Example V A thermoplastic, photopolymerizable composition was prepared from 19 g. of an aqueous solution of low viscosity polyethylene oxide, molecular weight of at least 100,000 (10% solids by weight), 1.9 g. of polyethylene glycol diacrylate (made from a mixture of polyethylene glycols having an average molecular weight of about 300) 0.002 g. of anthraquinone, 0.002 g. of p-methoxyphenol and 0.5 g. of lead acetate dissolved in 2 ml. of water. The composition solution was cast to a thickness of 10 mils on the polyethylene terephthalate film described in Example II. After air drying in the absence of light, a l-mil thick, dry photopolymerizable layer was obtained on the support. The layer was exposed through a photographic positive transparency containing line and letter text images of 1.75 watts of actinic radiation per square inch for 10 seconds as described in Example II. The exposed surface was brought into intimate contact with the dry surface of a sheet of white paper which had been saturated with an ethanol solution of thio-acetamide (20% solids). The resulting sandwich was heated to 60 C. for 10 seconds through the reverse side of the film support as described in Example I. The unexposed material transferred to the paper and a brown-black image corresponding to the original image was formed. Sever-a1 copies were made by repeating the contact and heating procedures.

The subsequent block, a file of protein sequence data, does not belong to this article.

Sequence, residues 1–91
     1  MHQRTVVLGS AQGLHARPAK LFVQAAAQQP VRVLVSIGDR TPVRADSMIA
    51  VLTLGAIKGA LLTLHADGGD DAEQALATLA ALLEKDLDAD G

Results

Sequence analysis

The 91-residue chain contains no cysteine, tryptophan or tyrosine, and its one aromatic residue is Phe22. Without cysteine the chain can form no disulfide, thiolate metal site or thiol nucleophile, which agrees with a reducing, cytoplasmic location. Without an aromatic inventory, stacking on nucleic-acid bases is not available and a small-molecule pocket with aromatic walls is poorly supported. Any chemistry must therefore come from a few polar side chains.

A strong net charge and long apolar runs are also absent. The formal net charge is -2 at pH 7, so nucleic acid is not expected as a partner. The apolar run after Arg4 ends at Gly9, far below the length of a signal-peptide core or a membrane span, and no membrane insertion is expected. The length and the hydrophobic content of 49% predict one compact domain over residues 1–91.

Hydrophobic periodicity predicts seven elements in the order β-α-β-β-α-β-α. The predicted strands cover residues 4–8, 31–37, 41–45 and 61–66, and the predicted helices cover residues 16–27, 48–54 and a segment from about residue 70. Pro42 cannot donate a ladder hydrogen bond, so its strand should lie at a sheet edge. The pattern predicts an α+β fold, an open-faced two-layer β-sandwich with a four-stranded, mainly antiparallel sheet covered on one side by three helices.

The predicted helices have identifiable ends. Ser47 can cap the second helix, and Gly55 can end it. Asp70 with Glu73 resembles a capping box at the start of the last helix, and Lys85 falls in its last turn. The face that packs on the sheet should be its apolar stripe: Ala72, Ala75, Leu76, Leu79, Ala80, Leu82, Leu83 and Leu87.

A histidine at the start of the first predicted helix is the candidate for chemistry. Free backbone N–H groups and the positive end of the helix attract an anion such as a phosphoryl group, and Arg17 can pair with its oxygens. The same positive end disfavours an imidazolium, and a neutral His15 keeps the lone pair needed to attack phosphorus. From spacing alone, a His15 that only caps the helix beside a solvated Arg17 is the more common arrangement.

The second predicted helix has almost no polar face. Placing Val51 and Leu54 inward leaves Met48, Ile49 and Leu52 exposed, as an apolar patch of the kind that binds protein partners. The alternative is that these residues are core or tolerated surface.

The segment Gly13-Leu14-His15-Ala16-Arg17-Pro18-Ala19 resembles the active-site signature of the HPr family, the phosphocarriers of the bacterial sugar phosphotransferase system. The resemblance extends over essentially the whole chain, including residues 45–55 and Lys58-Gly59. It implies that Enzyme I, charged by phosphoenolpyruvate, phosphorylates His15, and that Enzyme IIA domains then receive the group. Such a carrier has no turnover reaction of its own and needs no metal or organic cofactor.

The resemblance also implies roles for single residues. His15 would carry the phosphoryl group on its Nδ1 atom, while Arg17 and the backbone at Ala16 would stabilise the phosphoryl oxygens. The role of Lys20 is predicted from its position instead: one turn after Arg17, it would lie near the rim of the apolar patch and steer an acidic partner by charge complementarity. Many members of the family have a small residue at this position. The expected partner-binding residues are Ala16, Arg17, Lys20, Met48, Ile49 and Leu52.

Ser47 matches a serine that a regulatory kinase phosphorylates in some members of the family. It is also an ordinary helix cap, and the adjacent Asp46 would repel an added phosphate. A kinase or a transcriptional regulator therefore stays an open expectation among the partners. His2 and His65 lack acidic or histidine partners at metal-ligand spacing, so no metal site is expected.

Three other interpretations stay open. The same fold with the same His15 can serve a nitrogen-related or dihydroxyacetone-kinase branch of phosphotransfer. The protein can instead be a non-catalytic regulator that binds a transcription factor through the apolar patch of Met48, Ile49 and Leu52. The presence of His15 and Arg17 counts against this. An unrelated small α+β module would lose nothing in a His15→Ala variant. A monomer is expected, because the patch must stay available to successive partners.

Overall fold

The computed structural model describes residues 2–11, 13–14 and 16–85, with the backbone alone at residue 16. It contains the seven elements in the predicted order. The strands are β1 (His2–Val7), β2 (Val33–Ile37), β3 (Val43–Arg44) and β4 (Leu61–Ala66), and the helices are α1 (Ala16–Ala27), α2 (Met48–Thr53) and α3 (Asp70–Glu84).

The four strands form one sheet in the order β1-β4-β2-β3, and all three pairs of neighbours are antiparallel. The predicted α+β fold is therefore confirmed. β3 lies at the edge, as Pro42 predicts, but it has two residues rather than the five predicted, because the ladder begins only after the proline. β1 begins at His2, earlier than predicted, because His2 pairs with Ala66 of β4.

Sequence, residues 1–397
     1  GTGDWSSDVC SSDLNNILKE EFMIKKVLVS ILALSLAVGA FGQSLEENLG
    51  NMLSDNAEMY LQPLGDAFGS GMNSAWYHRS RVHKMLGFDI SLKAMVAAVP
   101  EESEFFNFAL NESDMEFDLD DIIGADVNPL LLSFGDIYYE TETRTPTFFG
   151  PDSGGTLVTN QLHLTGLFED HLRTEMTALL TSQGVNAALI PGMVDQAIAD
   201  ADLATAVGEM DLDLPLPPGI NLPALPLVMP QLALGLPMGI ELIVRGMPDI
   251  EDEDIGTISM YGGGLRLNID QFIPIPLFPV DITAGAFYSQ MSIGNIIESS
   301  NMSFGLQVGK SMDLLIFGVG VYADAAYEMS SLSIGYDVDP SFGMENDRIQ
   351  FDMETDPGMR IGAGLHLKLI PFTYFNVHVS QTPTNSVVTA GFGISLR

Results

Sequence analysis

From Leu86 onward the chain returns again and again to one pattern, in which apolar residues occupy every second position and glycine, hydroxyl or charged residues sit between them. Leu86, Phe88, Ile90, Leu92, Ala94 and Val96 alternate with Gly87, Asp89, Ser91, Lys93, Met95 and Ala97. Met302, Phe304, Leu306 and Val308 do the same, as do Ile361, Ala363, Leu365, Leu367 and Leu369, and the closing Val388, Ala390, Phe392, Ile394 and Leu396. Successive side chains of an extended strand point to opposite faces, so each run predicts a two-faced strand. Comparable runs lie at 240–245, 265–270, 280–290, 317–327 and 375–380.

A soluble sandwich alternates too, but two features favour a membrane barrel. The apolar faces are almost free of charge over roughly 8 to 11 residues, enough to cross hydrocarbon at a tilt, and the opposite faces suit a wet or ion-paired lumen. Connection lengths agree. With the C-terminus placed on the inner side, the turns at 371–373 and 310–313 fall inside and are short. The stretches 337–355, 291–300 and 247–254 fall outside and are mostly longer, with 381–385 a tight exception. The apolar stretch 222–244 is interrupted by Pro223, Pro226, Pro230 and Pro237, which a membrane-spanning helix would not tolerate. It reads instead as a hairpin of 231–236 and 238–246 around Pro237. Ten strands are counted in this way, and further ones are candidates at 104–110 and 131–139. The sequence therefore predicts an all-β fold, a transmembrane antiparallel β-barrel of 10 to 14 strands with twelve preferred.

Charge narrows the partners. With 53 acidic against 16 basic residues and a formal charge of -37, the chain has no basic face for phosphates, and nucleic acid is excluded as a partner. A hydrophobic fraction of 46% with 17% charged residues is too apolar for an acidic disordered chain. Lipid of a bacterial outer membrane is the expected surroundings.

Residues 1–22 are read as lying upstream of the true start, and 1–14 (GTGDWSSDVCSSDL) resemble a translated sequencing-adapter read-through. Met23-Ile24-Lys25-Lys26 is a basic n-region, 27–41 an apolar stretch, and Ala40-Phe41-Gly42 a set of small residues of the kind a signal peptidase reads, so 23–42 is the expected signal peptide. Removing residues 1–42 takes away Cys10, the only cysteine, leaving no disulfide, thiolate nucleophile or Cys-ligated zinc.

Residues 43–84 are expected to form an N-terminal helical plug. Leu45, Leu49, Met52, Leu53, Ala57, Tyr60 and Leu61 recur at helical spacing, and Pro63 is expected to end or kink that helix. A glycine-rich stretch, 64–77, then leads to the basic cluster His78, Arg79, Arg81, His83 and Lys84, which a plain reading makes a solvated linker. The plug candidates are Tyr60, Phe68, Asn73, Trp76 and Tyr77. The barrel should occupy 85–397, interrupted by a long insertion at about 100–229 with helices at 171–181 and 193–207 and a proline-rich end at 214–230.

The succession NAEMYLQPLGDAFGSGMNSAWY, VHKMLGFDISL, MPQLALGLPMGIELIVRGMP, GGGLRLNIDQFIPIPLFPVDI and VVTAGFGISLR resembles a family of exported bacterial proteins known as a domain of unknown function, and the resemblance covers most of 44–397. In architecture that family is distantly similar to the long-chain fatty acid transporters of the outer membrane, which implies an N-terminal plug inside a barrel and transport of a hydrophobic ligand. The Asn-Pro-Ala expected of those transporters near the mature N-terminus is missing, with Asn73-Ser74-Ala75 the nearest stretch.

Example VI A thermoplastic photopolyrnerizable composition was prepared from 8 g. of medium viscosity polyvinyl acetate (a benzene solution containing 86 g./ cc. of solution having a viscosity of 90-110 centipoises at 20 C.), 25 ml. methylene chloride, 4 g. triethylene glycol diacrylate, 0.004 g. anthraquinone and 0.004 g. p-methoxyphenol. Fifty milligrams of p-dimethylaminobenzaldehyde dissolved in 2 ml. of methylene chloride was added to the photopolymerizable solution and the solution was cast to a wet thickness of 5 mils on the polyethylene terephthalate support described in Example 11. After drying, the clear photopolymerizable layer was about 0.5 mil thick. The film was exposed through an image bearing positive transparency to 1.75 watts of actinic radiation per square inch for 10 seconds as described in Example 11. The exposed surface was then brought into intimate contact with a dry sheet of white paper which had been saturated with an ethanol solution of p-diethylaminoaniline hydrochloride (20% solids). The resulting sandwich was heated as described in Example I at C. for about 5 seconds and the two surfaces were separated while warm. The unexposed thermoplastic material was transferred to the paper support and an orange-pink colored image formed in the transferred area.